After last Thursday’s 9-1 destruction of the Calgary Flames, Pittsburgh Penguins head coach Mike Sullivan had the perfect opportunity to go off on a tangent and make a point about defenseman Jack Johnson.
Johnson has been routinely criticized since there were even rumors the Pens would sign him. Then his bloated five-year contract was officially inked and since then he’s generated a lot of negativity around all corners of the internet and social media for a career worth of terrible results and the impending dread it would carry over to Pittsburgh.
That dread was realized in a game last week where the Pens defeated Edmonton 6-5 in spite of Johnson being on the ice for all five Oilers goals.
With that fresh in mind, and coming off a big win, the stage was right for Sullivan to launch a defense of his beleaguered defenseman.
I think Jack’s quietly played a sound game for us. I don’t think he always gets some of the credit he deserves. For example, I know that there’s talk that he’s on the ice for five goals against. Well, the reality is when you break down the involvement of those goals, he had no responsibility for any of those goals against. He just happened to be on the ice for them. We try to look at the game a whole lot closer than just hey, a guy is on the ice when a goal is scored because a lot can happen in a team game. What I will say is that Jack has quietly adjusted to the style of play that we’re trying to play here in Pittsburgh. We believe he’s a solid defenseman. The fact that he scores here tonight [against Calgary], hopefully, will give him a big boost of confidence.”
While these supportive words were totally dismissive of any wrongdoing on Johnson’s part, Sullivan’s actions of usage for Johnson have painted a different picture of what the coach thinks about the play. Ice time never lies.
Mike Sullivan pumped Jack Johnson's tires after the infamous 5-goal Edmonton game, but the ice-time distribution since then, especially without the team's top two defenders, paints a different picture. pic.twitter.com/rBchMJZ8vz— Adam Gretz (@AGretz) October 31, 2018
Game 11 (last night) was more of the same - Johnson finished with 14:42 even strength time, ranking him 6/6 among defensemen on the team in ES usage. Johnson got a power play shift so he played 16:14 overall. In this game Kris Letang (coming off an injury) played 26:01. Brian Dumoulin played 23:47, Olli Maatta got 20:26, even Jamie Oleksiak had 19:30 total TOI.
With that in mind, the picture is developing into a clear trend that in Games 8-11 of the season Sullivan has shifted Johnson into a more sheltered and limited role. (The Edmonton game was, you guessed it, Game 7 of the season).
Oh, and last night the Pens gave up one even strength goal against. His fault or not, guess who just happened to be on the ice for it?
The Penguins are seeming to find out what many have been warning since the summer- that Jack Johnson’s career is one where his team is out-shot, out-chanced and out-scored by significant, meaningful margins when he is on the ice, compared to when he is on it.
Finding a place has been challenging for Sullivan so far. He’s paired Johnson with three different partners for 40+ 5v5 minutes already (Chad Ruhwedel, Juuso Riikola, Olli Maatta) and no combination has come close to even generously say it’s been passable.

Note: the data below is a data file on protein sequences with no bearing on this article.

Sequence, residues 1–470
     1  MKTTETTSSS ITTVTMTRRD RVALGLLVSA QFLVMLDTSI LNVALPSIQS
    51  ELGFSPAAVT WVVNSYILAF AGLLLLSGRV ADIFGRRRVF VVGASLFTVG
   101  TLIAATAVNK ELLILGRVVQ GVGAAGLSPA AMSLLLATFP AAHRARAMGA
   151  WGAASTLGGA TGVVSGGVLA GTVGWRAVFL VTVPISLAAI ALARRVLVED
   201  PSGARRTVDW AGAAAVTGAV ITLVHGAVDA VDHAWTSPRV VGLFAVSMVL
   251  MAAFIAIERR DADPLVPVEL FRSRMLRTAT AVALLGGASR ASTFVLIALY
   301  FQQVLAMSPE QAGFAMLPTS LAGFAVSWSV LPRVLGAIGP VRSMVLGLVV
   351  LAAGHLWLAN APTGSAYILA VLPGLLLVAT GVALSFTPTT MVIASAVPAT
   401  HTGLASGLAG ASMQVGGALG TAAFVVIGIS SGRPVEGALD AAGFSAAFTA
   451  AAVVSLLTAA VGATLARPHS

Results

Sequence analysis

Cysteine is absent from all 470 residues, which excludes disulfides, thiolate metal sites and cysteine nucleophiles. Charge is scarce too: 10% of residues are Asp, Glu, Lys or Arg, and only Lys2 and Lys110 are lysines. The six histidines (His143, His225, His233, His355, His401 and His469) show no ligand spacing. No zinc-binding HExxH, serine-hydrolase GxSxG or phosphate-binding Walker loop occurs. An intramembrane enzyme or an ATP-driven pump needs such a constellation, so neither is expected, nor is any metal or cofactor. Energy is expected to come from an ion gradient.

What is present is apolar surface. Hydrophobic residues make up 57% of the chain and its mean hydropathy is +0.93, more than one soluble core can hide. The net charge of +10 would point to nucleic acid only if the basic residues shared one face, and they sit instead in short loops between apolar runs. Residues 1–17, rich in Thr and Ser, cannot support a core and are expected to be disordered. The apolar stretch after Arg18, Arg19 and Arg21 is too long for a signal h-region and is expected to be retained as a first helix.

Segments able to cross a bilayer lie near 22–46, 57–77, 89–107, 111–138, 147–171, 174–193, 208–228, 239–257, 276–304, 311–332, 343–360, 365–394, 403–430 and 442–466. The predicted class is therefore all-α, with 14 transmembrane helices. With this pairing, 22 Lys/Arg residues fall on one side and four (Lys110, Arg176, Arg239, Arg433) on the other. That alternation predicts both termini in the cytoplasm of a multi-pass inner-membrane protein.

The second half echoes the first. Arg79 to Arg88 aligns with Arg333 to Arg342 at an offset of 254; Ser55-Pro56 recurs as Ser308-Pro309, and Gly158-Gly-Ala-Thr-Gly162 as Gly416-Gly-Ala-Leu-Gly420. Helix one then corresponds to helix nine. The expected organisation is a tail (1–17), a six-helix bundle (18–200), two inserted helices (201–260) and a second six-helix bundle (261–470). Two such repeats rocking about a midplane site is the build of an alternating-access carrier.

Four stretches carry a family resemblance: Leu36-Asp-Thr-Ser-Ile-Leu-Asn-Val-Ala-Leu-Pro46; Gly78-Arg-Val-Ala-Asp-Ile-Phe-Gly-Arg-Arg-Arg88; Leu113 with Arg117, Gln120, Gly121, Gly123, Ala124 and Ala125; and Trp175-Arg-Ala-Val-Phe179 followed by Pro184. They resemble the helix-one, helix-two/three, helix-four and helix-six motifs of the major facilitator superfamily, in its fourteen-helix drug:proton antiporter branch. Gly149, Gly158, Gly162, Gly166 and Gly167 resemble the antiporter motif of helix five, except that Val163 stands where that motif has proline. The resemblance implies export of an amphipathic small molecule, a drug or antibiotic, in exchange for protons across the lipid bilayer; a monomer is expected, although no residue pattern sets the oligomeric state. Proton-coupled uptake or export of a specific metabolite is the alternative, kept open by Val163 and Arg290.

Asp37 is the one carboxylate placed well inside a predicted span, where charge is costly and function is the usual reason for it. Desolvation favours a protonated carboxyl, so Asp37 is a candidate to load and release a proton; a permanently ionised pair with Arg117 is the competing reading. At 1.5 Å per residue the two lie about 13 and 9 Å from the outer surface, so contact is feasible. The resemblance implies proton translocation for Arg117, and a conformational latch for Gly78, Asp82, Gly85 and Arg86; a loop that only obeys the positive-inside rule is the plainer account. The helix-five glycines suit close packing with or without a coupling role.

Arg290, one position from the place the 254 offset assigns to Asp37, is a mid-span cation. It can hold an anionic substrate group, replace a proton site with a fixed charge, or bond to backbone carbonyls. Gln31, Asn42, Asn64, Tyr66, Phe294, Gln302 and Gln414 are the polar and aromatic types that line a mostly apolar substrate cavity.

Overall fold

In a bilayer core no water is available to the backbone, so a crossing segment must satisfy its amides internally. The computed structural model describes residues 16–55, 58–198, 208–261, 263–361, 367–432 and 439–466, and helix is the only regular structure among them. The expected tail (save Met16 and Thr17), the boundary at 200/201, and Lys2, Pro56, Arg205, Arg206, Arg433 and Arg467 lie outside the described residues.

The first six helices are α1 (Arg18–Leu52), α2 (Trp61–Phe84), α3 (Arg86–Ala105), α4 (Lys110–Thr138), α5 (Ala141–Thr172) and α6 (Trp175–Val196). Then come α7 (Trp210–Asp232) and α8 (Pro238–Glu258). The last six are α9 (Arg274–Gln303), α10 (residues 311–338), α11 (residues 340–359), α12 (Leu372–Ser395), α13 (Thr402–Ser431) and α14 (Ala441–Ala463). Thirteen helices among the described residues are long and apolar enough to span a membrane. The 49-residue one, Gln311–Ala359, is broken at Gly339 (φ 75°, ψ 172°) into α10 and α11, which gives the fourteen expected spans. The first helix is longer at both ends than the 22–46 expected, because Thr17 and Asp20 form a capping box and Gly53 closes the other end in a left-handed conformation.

In fact, those three pairs (Johnson-Ruhwedel, Johnson-Riikola, Maatta-Johnson) have combined for 130 5v5 minutes played and the Penguins have scored 0 goals and given up 11 goals against, while having a Corsi For% in the 47% range.
No matter who is at fault or at blame or if it’s all just one weird coincidence that somehow this always seems to follow Johnson around, the results are absolutely dreadful with him on the ice with any of the Penguins non-elite defenders. And the data says there’s no coincidence - Johnson is worst among Pens defensemen in scoring chances allowed (85 in 170 5v5 minutes) and also high danger scoring chances allowed (38). Johnson’s 45.2% Corsi For% is only better among team blueliners than Schultz (injured after 3 games) and the rookie Riikola. In other words, it’s no real mistake, accident or particular amount of bad luck that bad things are happening while Johnson is on the ice.
For Mike Sullivan’s words, he can’t (and doesn’t) ignore the results. This trend is noticeable that despite attempting to use several different partners and roles the only constant in Jack Johnson being on the ice allowing a ton of scoring chances and goals against is...Jack Johnson himself. As a result, he has been playing less the last few games.
Now the question becomes - in what is still a long season with an awful long ways to go, is this a new normal? Can Johnson find some sort of traction as a 3rd pair guy and be able to positively contribute? Or if these performances continue will Sullivan have the guts to do what he did last year with another free agent signing bust in Matt Hunwick and come to the realization he has six better defenders and options to dress for games?
And sure, it’s early and still a very small sample but a trend is developing and the season is coming into focus a bit more and more. Jack Johnson is who he is and there’s a lot of data to support that. It’s very unlikely he’s going to turn into the “good” defensemen that can play top-4 minutes and help the team big time that management tried to sell the fanbase on over the summer. Now the question looks to be more damage control and just how much slack the coaching staff will give before the games take on more importance.
Because eleven games in, despite putting on a brave public face to help inspire the player, coach Mike Sullivan’s decisions are telling a different story when it comes to Jack Johnson.